The airline's management and support staff will also forgo
pay increases for the second consecutive year.
In many instances, they also forgo valuable share repurchase plans so they can report the cosmetically higher net income that results from pooling accounting treatment.
If a company completes a pooling of interests, it must rescind existing stock repurchase plans and forgo stock repurchases for up to two years.
In addition, companies are required to rescind existing stock repurchase plans and forgo stock repurchases for up to two years to qualify for pooling accounting treatment.
24) in the Daily News pointed out, patients' wishes to forgo
life-prolonging procedures are too often ignored by some doctors.
Moreover, more than 97 percent of the MBAs in the sample said they were willing to forgo financial benefits to work for an organization with a better reputation for corporate social responsibility and ethics.
On average, MBAs were willing to forgo 14 percent of their expected income.
A preliminary, pre-Enron study of the subject found that 94 percent of the MBAs were willing to forgo an average of only 12 percent of their income to work for ethically and socially responsible companies -- a number that grew nearly 20 percent in the 2003 final report.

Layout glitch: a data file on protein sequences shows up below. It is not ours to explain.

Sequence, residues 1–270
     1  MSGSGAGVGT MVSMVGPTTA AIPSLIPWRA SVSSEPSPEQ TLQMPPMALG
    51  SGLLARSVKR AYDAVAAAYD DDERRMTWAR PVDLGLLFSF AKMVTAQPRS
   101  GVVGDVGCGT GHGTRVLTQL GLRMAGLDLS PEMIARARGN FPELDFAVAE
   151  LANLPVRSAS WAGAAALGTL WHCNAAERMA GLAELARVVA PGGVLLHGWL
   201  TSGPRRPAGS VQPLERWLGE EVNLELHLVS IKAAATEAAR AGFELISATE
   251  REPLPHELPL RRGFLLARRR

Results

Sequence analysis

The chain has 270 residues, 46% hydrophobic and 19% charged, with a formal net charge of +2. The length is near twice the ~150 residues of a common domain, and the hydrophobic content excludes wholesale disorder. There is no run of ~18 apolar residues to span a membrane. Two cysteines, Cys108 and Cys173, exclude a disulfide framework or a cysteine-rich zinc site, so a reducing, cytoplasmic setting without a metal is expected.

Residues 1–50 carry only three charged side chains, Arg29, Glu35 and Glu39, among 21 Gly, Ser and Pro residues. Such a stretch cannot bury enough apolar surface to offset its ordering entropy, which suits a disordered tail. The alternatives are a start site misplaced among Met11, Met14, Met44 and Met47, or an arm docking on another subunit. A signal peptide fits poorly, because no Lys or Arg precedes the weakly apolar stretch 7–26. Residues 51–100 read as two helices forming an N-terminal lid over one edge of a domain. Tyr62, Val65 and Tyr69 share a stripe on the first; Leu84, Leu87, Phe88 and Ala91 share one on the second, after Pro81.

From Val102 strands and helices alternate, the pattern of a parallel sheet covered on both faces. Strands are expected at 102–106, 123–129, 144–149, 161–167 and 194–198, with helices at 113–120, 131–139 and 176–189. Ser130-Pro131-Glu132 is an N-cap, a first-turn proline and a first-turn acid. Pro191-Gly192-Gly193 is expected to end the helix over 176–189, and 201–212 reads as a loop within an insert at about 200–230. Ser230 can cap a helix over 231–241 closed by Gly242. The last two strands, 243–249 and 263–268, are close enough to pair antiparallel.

And while no one is claiming that they are perfect, it turns out that MBAs are willing to forgo a significant percent of their income to be more moral across a number of dimensions.
However, the taxpayer can elect to forgo a carryback period.
If a taxpayer qualifies for one or more of the carryback periods, unless it elects to forgo the carryback, it must carry back the NOL to the earliest tax year available to it.
The general two-year carryback period applies to taxpayers that do not have NOLs that qualify for any of the longer carryback periods or have elected to forgo those periods.
A taxpayer may elect to forgo the five-year carryback period, and instead use the two-year or three-year carryback period or both, by electing to forgo the five-year carryback on a timely filed (including extensions) return for the tax year in which the NOL arose.
However, I also know that even a person who decides to forgo
treatment does not necessarily choose death.
In addition, if the taxpayer elects to forgo
Tax Court in favor of refund litigation in a worker classification dispute, what collection posture will the IRS take?